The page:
Heavy downpour washes away road repairs in Thane
The Thane Municipal Corporation (TMC) may have begun the road repair works early this year, but it looks like there will be no respite from potholes for Thane residents. Most roads in the city have developed huge craters leading to traffic jams. The public works department of the TMC had promised good roads in at least three wards before monsoons, and over ₹2.5 crore was spent to ensure pothole-free roads. However, the promise did not hold up much through the recent showers.
Thane city has received 1,343.81mm of rainfall this year. The heavy rains of early this week, though, had led to potholes in several parts of the city. The corporation had repaired 37,216 metres of roads before monsoon this year. Most of the roads in the city too, were concretised and widened.
While the pothole situation in Thane might be better than the neighbouring corporations, some of the roads are still in bad condition.
A status check revealed that craters have appeared along the Waghbil Road, Manpada service road, Vasant Vihar Road, Saket Balkum Road, Gokhale Road, Charai, Teen Hath Naka, Korus Company junction and Wagale Estate, among others.
These potholes have increased the peak hour traffic woes of residents who are already facing congestion due to the ongoing repair works on the Mumbra Bypass road.
Harshada Vartak Sandhan, 35, a resident of Hiranandani Estate said, “I commute from Waghbil Road every day to drop my son to school. A fortnight ago they had repaired the road, however, it has immediately developed craters. Driving on the road is a nightmare, as the craters are huge and might cause an accident.”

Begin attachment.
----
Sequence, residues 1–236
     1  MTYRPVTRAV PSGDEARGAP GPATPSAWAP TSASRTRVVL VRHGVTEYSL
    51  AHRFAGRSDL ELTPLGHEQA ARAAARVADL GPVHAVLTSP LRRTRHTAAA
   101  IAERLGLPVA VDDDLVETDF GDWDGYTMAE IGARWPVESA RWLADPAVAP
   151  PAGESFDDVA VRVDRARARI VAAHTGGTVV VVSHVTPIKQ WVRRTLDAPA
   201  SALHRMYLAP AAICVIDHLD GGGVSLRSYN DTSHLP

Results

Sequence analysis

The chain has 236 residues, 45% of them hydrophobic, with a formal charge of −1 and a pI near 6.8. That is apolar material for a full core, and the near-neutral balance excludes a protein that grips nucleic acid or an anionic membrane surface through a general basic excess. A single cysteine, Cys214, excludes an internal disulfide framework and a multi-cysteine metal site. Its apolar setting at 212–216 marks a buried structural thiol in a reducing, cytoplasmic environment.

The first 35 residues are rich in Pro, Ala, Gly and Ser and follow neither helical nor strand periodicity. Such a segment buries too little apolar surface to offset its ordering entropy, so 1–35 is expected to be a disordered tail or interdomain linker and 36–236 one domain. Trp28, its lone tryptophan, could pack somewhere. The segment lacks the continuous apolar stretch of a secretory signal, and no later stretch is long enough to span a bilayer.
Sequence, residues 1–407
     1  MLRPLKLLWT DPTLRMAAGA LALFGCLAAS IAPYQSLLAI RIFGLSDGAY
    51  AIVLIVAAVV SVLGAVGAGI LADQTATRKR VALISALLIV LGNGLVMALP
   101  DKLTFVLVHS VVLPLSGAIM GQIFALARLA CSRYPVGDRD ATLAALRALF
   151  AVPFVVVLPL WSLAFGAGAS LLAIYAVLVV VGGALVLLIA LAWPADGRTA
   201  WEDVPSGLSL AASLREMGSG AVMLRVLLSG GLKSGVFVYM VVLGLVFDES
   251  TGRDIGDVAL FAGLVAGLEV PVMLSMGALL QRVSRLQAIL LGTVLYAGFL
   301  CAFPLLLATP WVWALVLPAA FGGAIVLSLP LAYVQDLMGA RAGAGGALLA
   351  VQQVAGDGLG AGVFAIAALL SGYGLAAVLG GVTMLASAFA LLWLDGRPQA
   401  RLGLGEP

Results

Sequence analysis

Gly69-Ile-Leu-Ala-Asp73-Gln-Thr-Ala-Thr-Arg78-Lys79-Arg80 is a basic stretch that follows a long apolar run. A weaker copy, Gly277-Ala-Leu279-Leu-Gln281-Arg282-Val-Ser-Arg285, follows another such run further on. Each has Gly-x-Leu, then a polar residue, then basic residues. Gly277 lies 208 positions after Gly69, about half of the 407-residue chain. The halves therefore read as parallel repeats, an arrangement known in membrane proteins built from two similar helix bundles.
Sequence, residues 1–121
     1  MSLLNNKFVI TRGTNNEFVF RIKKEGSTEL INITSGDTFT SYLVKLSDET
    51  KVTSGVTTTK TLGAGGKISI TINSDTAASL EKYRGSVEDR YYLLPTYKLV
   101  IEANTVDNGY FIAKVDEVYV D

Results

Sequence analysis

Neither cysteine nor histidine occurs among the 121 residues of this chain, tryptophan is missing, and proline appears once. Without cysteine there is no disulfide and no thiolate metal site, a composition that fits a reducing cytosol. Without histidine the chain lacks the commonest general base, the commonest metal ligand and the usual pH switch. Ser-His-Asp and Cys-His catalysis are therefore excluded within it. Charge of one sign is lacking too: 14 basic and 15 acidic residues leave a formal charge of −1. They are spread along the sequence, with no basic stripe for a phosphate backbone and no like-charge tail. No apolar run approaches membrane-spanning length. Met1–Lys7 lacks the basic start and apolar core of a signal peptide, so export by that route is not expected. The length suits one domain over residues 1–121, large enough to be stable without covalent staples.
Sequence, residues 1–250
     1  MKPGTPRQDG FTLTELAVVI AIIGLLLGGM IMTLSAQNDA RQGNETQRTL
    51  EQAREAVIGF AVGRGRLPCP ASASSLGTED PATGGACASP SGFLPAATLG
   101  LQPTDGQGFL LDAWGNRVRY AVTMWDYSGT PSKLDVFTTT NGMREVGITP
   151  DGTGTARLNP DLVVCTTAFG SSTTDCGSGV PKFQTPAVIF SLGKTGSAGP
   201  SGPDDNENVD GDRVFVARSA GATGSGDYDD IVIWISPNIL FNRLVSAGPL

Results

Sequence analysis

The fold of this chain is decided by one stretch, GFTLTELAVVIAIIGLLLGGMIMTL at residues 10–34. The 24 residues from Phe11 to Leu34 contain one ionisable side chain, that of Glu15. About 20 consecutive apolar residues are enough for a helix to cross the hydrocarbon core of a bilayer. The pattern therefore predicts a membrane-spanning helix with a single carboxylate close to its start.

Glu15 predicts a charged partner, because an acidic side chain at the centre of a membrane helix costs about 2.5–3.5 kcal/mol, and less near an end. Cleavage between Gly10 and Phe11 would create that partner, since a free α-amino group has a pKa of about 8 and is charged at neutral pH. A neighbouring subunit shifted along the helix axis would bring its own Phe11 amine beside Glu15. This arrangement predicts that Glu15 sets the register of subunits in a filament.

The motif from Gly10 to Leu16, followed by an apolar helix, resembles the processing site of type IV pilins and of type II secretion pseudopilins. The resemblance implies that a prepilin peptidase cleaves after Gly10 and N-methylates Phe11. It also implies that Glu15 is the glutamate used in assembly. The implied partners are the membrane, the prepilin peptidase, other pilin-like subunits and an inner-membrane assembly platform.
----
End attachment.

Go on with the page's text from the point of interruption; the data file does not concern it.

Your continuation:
Saeed Mulani, 33, another resident of Wagale Estate said, “Most roads in Wagale Estate have potholes. The roads in this industrial belt of the city are already narrow and potholes have only added to our nightmare. It is mad chaos on most of the roads during peak hours, especially road No 33 which has huge craters near the Kamgar Hospital. It is difficult to gauge the depth of these potholes when they are filled with water.”
Over the years, the corporation had experimented with various methods of filling potholes, from using the expensive jet patchers to different ready-mixes, however, none of them have proved effective. This year too, the TMC had planned to use Poly Ironite Ceramic Cementitious (PICC) coating, a water resistant concrete to fill the potholes. In most places, the potholes are filled using small stones and bricks.
A TMC official requesting anonymity said, “We will conduct a survey of the potholes once we get a dry spell. The number of potholes will further increase when the rain stops, as when the sun shines, the asphalt will wear off leading to more craters in the city.
“We are however fully equipped to deal with them. We have several plan of actions in place, we have appointed contractors in each of the wards who will immediately fill the potholes in a dry spell. We also have seven to eight different techniques for filling potholes. We will choose the filling mixture as per the requirement of each of the roads,” the official said.
He added that the TMC has allotted a budget of ₹2 crore to fill potholes during monsoon. “In case of roads which have completely failed like the Kamgar Hospital Road, we will close the entire road and repair it. One side of this road is concretised, so we will open that side for traffic and close the part of the road which has caved in, for repairs,” he said.
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